I remember some years ago having a conversation with a young woman who had been caught using drugs and had been expelled from her school. She didn’t seem to want to be a drug user, but, as she explained it to me, “everyone was always offering her a joint.” I told her what I suppose she already knew, that I was much older than she, but that no one once in my entire life had offered me a joint. How could it be that she was always being offered drugs and never was? She had the wrong set of friends and she was putting herself into harm’s way on purpose day after day. What did she expect? The recognition that bad company corrupts morals, the acceptance of the fact that the best way to avoid falling prey to temptation is to avoid the occasions of it: that is what the Bible means by wisdom, the expertise and skill to live a righteous life in an unrighteous world full of every kind of pitfall. This is not the law of God. You will not find this lesson in the law of Moses. These are finer points that “escape the mesh of the law and the broadsides of the prophets, and yet are decisive in [life].” [Kidner, 13]. The foil of the wise person in Proverbs is the fool, who is not dumb in the intellectual sense, but is gullible, easily led, irresponsible, lazy and inexperienced (or better, does not learn from his experience). He or she is the person who talks too much, who is always putting off what ought to be done, the young person who is aimless and concentrating on nothing but his or her own entertainment, the one who cannot manage his business, his time, or his affairs and is a dupe for every dumb idea that comes flitting into his mind. I suspect most of us would say, “I know people like that,” and probably all of us need to say, “That is I too much of the time.”
The law of God gives you a picture of a godly, righteous, other-centered, God-honoring life. Law and wisdom relate to one another precisely because they both have to do with our living and are both instruction in right living. The wise person can see the life that the law describes in his or her mind’s eye and, like a sculptor, can bring it into existence with the tools of knowledge and observation and discipline that he learned from his parents who learned it from the Bible. For as we read in 2:6: “the Lord gives wisdom.” It is something that one must learn from the Word of God and pray for. James says, “If anyone lacks wisdom, let him ask of God who gives freely and without reproach.” The fool can get it, but only if he will and only if he will search for it where it may be found. He usually doesn’t and his life and his relationships continue to be a mess, a failure in the ways that matter because he never connects the dots, never accepts responsibility for the messes he makes and never gains the savvy to do better.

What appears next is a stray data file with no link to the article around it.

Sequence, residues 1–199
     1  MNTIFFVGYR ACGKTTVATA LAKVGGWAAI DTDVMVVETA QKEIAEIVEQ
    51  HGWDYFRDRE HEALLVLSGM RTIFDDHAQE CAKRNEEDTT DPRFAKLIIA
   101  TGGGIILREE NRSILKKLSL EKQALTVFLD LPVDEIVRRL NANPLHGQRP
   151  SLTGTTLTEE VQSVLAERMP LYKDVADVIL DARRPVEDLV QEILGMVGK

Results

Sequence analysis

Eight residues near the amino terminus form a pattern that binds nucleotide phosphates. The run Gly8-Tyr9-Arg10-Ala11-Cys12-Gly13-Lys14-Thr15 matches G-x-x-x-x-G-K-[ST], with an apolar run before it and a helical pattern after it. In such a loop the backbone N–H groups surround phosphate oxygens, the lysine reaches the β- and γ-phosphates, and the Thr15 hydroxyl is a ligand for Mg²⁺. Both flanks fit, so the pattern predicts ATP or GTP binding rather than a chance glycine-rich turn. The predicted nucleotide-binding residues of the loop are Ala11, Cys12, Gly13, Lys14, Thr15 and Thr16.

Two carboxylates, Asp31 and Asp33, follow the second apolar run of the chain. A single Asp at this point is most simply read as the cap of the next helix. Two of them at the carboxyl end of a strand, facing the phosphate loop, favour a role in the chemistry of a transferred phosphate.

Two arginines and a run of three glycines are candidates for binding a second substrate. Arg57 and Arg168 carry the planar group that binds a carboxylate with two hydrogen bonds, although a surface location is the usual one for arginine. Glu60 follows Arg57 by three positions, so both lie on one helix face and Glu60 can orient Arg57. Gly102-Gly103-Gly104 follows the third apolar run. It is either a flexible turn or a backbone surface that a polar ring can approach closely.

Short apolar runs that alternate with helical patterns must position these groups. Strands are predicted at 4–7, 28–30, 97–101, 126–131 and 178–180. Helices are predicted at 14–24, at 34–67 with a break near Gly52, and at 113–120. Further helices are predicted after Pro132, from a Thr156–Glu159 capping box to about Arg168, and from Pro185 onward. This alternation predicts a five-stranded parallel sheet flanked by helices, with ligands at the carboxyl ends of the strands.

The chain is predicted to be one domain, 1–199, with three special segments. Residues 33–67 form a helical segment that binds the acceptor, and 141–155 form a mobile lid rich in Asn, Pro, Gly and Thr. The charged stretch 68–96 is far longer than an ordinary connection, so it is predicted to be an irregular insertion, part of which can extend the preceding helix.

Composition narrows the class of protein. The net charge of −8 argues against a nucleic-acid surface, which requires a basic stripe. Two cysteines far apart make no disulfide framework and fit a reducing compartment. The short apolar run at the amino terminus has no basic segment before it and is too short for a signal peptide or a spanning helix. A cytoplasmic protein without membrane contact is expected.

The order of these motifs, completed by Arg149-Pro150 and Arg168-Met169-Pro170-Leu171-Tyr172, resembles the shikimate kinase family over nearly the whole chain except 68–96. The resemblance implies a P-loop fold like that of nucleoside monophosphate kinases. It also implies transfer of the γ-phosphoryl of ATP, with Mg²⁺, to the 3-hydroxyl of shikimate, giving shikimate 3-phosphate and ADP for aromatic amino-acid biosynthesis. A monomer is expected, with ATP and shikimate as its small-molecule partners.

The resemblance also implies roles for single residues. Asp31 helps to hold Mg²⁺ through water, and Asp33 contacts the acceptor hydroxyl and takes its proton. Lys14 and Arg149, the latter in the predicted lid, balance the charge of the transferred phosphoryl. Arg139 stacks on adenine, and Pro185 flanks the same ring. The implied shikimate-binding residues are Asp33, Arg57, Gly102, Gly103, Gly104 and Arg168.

This wisdom or skill or expertise is, in this book, presented in large part in proverbs. Or, at least, most of the book is proverbs. There are discourses too, as we shall see, and they teach wisdom also, but they serve, as it were, to introduce the proverbs themselves, which begin in 10:1. Everyone knows or at least has an idea of what a proverb is: a short, pithy, observation or admonition or warning or prohibition or encouragement. [Tremper Longman, Proverbs, 21] A proverb is a sage maxim, the sort of knowledge that comes from long experience and careful observation of human life. [Kidner, TOCTC, 58] As we would put it nowadays, the semantic range of the Hebrew term translated “proverb” is quite wide. A proverb can be any number of kinds of statements. Someone has said that many of the proverbs convey the sort of experience one gains from failure, reflecting on how it was that the cow got out of the barn door, but even that experience teaches us many different sorts of things all of which are part of this wisdom. We will see that proverbs come in all shapes and sizes and are of various kinds, quite different from one another. For example, we read in 10:15:
“The rich man’s wealth is his strong city;
the poverty of the poor is their ruin.”
That proverb is descriptive not prescriptive. We are certainly not being told to trust in wealth but we are being taught how rich people think and why they value money the way they do; they get their security from it. That is part of wisdom too: a grasp of how the world works, why temptations are as powerful as they are, and what keeps people bound to foolishness. Such a proverb is very different then from the one found a few verses later in 10:19:
“When words are many, transgression is not lacking,
but whoever restrains his lips is prudent.”
That proverb is prescriptive; it is sound counsel and advice for living. It is more than an observation of life, it describes how experts in life behave.
Some proverbs are generalities. That is they are, as we say, proverbially true. They are not always true; there are exceptions, but they are usually true. That is an important part of wisdom as well, to realize the existence of exceptions without failing to grasp the fact that things are usually found to be a certain way. For example, take 16:7:
“When a man’s ways please to the Lord,
he makes even his enemies to be at peace with him.”
How many times have we found this true? Godly men and women who, in the nature of the case, because they are followers of Jesus Christ and their characters have been shaped by his love and grace, are kind, sympathetic, honest, and interested in others tend to be liked even by people who have no sympathy with their religious views. A Christian ought to be everyone’s friend and he or she will have many friends who are not Christians. But it is a generality. If it were universally true that a godly man has only friends and no enemies there would be no martyrs. The Lord Jesus Christ was a perfect man and lived with perfect wisdom and perfect love and they put him to death!
That there are generalities in life that must be embraced without denying that the opposite can sometimes be true is part of biblical wisdom. To appreciate the distinction is, indeed, an important ingredient in true wisdom. Consider, for example, these pairs of proverbs that are not only both true but could easily seem to be the contradiction of one another.
- Out of sight, out of mind/Absence makes the heart grow fonder.
- Better to be safe than sorry/nothing ventured, nothing gained.